~~~To Be Continued~~~


* Artikel To my teachers: A Reflection on 55 Years of Learning the Historian’s Craft (1964/65 – 2020) ini, bagian pertama dari 4 seri yang akan dipublikasikan di setiap hari Senin.

[1] Whatsapp Mas Akhlis Syamsal Qomar, 12 June 2020, reads: ‘Sugeng enjing Prof. Semoga Prof Peter dan keluarga senantiasa diberikan kesehatan di tengah pandemic sekarang.Jika boleh sharing terkait perjalanan panjang sebagai seorang sejarawan dan intelektual publik yang diakui dedikasinya, kiranya siapa yang banyak membentuk dan mempengaruhi karier akademik Panjenengan sampai sekarang?'[‘Good morning, Professor, Here’s hoping that Prof. Peter and his family will always be given good health in the midst of the current pandemic. If you are agreeable, could you share something about your long journey as an historian and public intellectual whose dedication is recognised. So who exactly has shaped and influenced your academic career to date?’].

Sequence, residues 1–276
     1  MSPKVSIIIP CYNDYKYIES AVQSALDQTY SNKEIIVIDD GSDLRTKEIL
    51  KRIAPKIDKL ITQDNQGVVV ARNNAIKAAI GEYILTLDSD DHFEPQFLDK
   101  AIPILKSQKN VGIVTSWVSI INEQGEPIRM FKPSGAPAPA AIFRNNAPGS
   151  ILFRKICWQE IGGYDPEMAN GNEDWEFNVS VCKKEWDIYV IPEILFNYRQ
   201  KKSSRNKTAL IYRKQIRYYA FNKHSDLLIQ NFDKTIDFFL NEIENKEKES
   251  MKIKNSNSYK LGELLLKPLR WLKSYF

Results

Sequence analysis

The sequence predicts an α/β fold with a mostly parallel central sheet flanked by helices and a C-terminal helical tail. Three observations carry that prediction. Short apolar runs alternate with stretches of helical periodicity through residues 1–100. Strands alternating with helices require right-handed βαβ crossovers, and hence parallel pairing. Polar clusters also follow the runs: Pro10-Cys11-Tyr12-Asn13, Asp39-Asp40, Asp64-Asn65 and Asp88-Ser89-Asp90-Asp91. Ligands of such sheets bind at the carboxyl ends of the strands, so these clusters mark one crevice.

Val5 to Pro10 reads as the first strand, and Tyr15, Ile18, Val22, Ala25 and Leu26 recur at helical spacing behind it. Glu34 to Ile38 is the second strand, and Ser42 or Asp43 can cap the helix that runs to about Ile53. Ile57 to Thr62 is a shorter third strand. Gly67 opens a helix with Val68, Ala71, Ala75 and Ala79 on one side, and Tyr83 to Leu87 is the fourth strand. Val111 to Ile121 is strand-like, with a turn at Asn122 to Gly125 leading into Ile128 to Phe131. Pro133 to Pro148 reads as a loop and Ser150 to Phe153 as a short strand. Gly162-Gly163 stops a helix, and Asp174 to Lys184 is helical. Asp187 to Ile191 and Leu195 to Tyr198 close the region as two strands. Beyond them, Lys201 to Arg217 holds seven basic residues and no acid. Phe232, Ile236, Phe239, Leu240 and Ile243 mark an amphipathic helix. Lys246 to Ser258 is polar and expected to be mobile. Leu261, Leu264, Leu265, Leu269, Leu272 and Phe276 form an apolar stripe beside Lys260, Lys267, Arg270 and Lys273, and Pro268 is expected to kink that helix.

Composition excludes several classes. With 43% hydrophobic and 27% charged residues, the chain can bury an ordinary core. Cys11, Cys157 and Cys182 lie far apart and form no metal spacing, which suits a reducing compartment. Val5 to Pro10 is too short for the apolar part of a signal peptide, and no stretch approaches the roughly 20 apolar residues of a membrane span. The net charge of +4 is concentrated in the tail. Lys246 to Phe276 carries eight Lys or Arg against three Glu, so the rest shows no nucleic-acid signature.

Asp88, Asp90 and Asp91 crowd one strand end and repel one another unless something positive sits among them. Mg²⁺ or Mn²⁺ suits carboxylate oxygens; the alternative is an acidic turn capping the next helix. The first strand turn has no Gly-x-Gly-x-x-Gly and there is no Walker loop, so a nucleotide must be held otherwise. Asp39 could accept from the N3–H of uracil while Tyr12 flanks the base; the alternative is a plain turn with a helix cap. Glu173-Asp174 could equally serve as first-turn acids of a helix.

[2] See Peter Carey, “Menyusuri Jalan yang Jarang Dilalui, Sebuah Otobiografi Singkat”, in FX Domini BB Hera (ed.), Urip iku Urub; Untaian Persembahan 70 Tahun Profesor Peter Carey (Jakarta: Penerbit Buku Kompas, 2019), pp.21-26.

Peter Carey
Peter Carey, yang lahir di Myanmar 30 April 1948, adalah Fellow Emeritus Trinity College, Oxford, dan Adjunct Profesor FIB-UI (Fakultas Ilmu Pengetahuan Budaya, Universitas Indonesia). Karya yang lahir dari sentuhan tangannya antara lain : Burma: The Challenge of Change in a Divided Society (Basingstoke: Macmillan, 1997); The Power of Prophecy; Prince Dipanagara and the End of an Old Order in Java, 1785-1855. Leiden: KITLV Press, 2007 (terjemahan dalam Bahasa Indonesia, Kuasa Ramalan; Pangeran Diponegoro dan Akhir Tatanan Lama di Jawa, 1785-1855. Jakarta: Kepustakaan Populer Gramedia, 2012); The British in Java, 1811-1816. A Javanese Account. Oxford: OUP Press, 1992. Terjemahan Inggris di Jawa. Jakarta: PBK, 2017). Kemudian beberapa ulasan mengenai dirinya antara lain : buku Urip iku Urub; 40 Tahun Sarjana Lelono di Negara Leluhur. Tulisan yang dipersembahkan kepada Peter Carey untuk HUT ke-70. FX Domini BB Hera (peny.). Jakarta: PBK, Oktober 2018.